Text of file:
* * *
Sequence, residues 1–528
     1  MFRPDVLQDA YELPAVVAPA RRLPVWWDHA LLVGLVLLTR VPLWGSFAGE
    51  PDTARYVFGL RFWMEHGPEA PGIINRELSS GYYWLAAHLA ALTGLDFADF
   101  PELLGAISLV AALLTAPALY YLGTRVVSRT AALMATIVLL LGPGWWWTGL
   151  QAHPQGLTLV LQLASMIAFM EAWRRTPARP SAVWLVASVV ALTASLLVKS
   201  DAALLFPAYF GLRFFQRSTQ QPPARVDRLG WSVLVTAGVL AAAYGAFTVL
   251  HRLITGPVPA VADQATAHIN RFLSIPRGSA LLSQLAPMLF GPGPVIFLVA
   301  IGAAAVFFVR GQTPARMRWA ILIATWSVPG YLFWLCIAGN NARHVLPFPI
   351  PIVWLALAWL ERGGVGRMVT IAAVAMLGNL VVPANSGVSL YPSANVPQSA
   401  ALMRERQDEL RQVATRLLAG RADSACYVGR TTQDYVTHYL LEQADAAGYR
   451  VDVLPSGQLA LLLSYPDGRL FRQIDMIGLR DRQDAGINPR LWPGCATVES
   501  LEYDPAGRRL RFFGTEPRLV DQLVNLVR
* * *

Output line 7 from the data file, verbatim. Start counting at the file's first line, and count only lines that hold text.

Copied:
   251  HRLITGPVPA VADQATAHIN RFLSIPRGSA LLSQLAPMLF GPGPVIFLVA